Table 1. Clinical information regarding CVA patients

Input device and setup

The input device used was a HapticMaster (MOOG), which provides 3 degrees of freedom (DOF) input and force feedback. A passive ADL gimbal (measurement of angles only, MOOG) was attached to the device’s endplate allowing participants to perform full arm movements, including rotational movements in the forearm (pro/supination). A thermoplastic brace attached to the MOOG ADL Gimbal connected participants to the HapticMaster. The gimbal allowed patients to interact with the device without the need to grip the haptic master with their hand, which is difficult for many persons in the target group. The HapticMaster was used to move a weightless virtual object (representing participants' current location in the VE) towards target locations within the VE, that is described in more detail elsewhere [27]. This VE was run on a computer with a 19” CRT screen as the visual output. The display was placed at a distance of 1,20 m in front of the subject (FOV=17,30 degrees). In the event of an emergency, both the participant and the therapist could switch off the system’s power, by operating a push button connected to a safety circuit.

Design

An experiment was conducted manipulating Graphic Environment (2.5D vs. 3D) and Stereo Visualization (monoscopy vs. stereoscopy) of the VE for rehabilitation training of MS and CVA patients. A within-subjects design was used. The order of the conditions was randomized. After completing these conditions, participants were invited to complete two additional conditions in which the effectiveness of droplines and drop shadows was compared for the 3D mono conditions only [see: [28] for results].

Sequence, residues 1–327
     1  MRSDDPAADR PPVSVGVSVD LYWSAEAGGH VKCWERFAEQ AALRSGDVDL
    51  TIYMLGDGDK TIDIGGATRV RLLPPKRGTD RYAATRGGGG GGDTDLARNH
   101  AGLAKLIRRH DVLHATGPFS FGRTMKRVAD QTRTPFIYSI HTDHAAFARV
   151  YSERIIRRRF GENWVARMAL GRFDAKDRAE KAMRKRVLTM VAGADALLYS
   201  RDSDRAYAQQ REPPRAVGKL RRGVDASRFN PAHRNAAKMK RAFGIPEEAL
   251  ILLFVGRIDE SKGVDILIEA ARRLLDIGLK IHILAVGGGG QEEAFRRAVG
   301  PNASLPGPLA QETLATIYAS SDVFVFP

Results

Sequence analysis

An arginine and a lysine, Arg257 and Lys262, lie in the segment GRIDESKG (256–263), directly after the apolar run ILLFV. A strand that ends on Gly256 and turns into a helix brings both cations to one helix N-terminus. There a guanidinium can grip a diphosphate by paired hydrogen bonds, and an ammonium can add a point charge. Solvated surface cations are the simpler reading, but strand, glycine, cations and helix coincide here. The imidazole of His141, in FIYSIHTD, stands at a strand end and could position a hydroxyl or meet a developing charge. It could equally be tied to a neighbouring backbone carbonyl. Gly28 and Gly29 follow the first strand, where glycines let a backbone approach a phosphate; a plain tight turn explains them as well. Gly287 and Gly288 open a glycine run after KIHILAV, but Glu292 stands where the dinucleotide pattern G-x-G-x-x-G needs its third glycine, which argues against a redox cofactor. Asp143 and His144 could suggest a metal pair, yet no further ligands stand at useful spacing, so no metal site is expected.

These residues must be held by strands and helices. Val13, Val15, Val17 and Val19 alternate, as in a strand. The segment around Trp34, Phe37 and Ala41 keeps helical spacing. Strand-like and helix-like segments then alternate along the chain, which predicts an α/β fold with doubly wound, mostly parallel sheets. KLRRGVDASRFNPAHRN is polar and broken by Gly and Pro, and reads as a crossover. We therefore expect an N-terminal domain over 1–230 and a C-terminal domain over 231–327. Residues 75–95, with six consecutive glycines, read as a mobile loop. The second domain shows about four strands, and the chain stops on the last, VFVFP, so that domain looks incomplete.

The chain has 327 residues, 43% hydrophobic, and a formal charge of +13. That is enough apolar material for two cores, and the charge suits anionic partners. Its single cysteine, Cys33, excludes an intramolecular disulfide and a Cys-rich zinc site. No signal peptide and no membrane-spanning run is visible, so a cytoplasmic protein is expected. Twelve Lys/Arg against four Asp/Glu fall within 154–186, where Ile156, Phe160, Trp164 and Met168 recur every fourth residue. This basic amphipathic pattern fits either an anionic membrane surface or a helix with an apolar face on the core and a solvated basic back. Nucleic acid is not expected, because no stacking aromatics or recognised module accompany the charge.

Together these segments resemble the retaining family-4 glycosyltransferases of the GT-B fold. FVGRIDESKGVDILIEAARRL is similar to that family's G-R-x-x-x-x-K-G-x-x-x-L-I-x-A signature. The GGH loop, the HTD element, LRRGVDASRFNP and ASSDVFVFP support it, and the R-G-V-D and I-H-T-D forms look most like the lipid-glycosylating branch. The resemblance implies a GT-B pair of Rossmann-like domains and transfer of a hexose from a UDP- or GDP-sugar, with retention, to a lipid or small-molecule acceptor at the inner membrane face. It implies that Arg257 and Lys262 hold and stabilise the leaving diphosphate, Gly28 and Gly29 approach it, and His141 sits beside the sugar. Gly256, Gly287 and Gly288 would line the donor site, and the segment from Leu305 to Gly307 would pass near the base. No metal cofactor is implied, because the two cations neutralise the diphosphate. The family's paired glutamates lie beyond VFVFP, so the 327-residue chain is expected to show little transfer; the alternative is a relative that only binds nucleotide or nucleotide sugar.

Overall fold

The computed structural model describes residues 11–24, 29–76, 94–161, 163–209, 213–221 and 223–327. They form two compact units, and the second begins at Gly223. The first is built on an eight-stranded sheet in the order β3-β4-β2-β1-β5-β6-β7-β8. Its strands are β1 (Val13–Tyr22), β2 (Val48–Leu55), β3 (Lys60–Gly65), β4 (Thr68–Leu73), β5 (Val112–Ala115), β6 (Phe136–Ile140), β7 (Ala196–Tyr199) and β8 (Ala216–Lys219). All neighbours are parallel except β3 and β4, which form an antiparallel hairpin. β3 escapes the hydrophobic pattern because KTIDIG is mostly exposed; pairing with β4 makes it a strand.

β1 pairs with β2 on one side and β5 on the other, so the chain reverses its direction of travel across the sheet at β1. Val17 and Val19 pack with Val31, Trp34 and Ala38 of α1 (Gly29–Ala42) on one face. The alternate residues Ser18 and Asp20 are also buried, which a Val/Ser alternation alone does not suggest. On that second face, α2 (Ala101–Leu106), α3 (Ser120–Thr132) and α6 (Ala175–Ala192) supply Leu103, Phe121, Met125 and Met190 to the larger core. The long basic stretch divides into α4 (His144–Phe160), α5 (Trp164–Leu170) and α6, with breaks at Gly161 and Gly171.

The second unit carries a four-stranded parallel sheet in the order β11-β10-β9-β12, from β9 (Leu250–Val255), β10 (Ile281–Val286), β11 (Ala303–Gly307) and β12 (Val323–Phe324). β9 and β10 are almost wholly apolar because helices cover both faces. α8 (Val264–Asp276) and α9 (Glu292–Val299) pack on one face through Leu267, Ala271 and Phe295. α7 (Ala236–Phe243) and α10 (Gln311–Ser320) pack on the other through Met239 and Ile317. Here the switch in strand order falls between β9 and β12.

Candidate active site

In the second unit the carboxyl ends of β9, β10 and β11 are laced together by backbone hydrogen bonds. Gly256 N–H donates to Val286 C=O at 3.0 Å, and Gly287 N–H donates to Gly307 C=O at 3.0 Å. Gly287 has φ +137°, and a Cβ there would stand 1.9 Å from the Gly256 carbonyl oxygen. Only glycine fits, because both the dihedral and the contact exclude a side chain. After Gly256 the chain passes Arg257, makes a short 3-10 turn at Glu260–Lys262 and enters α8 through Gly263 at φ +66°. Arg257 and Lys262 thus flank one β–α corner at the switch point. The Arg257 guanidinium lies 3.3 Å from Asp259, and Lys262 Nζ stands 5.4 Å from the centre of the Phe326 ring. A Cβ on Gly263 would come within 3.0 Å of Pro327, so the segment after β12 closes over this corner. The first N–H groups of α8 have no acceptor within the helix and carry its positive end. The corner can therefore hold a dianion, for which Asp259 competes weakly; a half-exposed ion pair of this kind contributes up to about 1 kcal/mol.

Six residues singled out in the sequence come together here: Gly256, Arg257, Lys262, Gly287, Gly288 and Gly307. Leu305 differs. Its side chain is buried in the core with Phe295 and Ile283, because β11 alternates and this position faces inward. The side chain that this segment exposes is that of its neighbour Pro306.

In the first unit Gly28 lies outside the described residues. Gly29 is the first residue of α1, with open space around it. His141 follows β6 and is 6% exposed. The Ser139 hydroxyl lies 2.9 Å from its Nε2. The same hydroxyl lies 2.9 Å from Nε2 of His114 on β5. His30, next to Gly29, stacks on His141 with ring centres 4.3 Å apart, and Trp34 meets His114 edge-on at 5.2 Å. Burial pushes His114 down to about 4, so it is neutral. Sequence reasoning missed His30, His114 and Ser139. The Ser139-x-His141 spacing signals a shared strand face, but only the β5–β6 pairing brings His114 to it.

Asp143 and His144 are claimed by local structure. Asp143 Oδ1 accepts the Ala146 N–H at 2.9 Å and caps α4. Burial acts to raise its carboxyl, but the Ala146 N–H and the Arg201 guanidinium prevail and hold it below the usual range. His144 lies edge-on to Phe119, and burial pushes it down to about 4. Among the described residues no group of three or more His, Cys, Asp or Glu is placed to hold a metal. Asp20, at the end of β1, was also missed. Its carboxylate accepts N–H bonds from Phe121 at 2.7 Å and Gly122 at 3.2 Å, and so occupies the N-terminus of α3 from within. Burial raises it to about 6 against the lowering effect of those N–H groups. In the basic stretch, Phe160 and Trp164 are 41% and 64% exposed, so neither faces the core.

Experimental tasks

Three different skill components (lifting, transporting and reaching) that were identified as important for functional activities [29], were developed to serve as training tasks. Including these three tasks allowed a comparison of the influence of Graphic Environment and Stereo Visualization on task performance and experienced ease of localization for movement in the three primary movement directions of the tasks (horizontal, vertical and in depth). Lifting required the participants to move the virtual object to a target location above or below the initial cursor position. Transporting involved movement of the virtual object to a target location left or right from the initial cursor position. Reaching involved movement of the virtual object to a target location placed in front or behind the initial cursor position. All tasks were started with the HapticMaster moving the participant’s hand to the correct starting point (i.e. the initial cursor position).

Manipulations

The virtual environment consisted of a virtual world where participants could manipulate specific virtual objects. Two versions of the VE were built: a 2.5D and a 3D version (see Figure 1). The 2.5D version was built much like a puppet-theatre. It consisted of flat objects (depth of objects is zero) stacked behind each other. Although object movement was continuous, perspective cues were absent, rendering a discrete depth representation of the environment. The 3D version consisted of a VE where the objects were rendered using perspective cues, which yields a more continuous depth.

thumbnailFigure 1. Example of the three training tasks as used in the 3D conditions. From left to right: lifting, reaching, and transporting. Top: 2.5D rendering, Bottom: 3D rendering.